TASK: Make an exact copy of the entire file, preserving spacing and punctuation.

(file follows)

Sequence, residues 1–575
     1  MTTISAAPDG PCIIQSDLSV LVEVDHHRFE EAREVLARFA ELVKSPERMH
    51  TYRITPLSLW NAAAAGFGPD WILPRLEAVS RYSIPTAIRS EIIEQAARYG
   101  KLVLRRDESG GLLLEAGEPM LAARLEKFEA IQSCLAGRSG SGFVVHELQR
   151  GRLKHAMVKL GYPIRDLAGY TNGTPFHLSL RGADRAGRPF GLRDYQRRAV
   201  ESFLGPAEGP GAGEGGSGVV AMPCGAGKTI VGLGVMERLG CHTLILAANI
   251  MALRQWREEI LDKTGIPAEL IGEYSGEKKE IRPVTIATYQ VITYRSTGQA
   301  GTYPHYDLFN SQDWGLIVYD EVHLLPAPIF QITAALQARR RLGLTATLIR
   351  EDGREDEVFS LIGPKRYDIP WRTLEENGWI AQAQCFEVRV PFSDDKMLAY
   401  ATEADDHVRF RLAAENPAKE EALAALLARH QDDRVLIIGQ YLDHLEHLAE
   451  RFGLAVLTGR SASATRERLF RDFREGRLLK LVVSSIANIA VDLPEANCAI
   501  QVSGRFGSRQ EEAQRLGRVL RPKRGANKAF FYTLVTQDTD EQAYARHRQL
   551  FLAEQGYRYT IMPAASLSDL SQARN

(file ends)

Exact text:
Sequence, residues 1–575
     1  MTTISAAPDG PCIIQSDLSV LVEVDHHRFE EAREVLARFA ELVKSPERMH
    51  TYRITPLSLW NAAAAGFGPD WILPRLEAVS RYSIPTAIRS EIIEQAARYG
   101  KLVLRRDESG GLLLEAGEPM LAARLEKFEA IQSCLAGRSG SGFVVHELQR
   151  GRLKHAMVKL GYPIRDLAGY TNGTPFHLSL RGADRAGRPF GLRDYQRRAV
   201  ESFLGPAEGP GAGEGGSGVV AMPCGAGKTI VGLGVMERLG CHTLILAANI
   251  MALRQWREEI LDKTGIPAEL IGEYSGEKKE IRPVTIATYQ VITYRSTGQA
   301  GTYPHYDLFN SQDWGLIVYD EVHLLPAPIF QITAALQARR RLGLTATLIR
   351  EDGREDEVFS LIGPKRYDIP WRTLEENGWI AQAQCFEVRV PFSDDKMLAY
   401  ATEADDHVRF RLAAENPAKE EALAALLARH QDDRVLIIGQ YLDHLEHLAE
   451  RFGLAVLTGR SASATRERLF RDFREGRLLK LVVSSIANIA VDLPEANCAI
   501  QVSGRFGSRQ EEAQRLGRVL RPKRGANKAF FYTLVTQDTD EQAYARHRQL
   551  FLAEQGYRYT IMPAASLSDL SQARN